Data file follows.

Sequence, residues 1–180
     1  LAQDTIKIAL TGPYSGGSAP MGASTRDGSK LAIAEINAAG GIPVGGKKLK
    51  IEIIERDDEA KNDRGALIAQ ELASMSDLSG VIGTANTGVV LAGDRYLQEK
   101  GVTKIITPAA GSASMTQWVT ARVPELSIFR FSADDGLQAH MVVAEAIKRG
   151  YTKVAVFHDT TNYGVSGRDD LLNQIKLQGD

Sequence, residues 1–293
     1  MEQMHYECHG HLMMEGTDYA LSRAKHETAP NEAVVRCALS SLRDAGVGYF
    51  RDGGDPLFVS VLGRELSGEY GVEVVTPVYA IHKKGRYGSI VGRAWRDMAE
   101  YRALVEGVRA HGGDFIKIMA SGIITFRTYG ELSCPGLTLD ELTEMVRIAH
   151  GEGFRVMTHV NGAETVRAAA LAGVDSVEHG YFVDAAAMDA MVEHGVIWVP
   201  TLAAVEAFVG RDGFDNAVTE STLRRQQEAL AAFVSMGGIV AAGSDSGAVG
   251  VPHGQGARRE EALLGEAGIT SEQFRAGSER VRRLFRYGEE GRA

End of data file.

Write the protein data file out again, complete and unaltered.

Sequence, residues 1–180
     1  LAQDTIKIAL TGPYSGGSAP MGASTRDGSK LAIAEINAAG GIPVGGKKLK
    51  IEIIERDDEA KNDRGALIAQ ELASMSDLSG VIGTANTGVV LAGDRYLQEK
   101  GVTKIITPAA GSASMTQWVT ARVPELSIFR FSADDGLQAH MVVAEAIKRG
   151  YTKVAVFHDT TNYGVSGRDD LLNQIKLQGD

Sequence, residues 1–293
     1  MEQMHYECHG HLMMEGTDYA LSRAKHETAP NEAVVRCALS SLRDAGVGYF
    51  RDGGDPLFVS VLGRELSGEY GVEVVTPVYA IHKKGRYGSI VGRAWRDMAE
   101  YRALVEGVRA HGGDFIKIMA SGIITFRTYG ELSCPGLTLD ELTEMVRIAH
   151  GEGFRVMTHV NGAETVRAAA LAGVDSVEHG YFVDAAAMDA MVEHGVIWVP
   201  TLAAVEAFVG RDGFDNAVTE STLRRQQEAL AAFVSMGGIV AAGSDSGAVG
   251  VPHGQGARRE EALLGEAGIT SEQFRAGSER VRRLFRYGEE GRA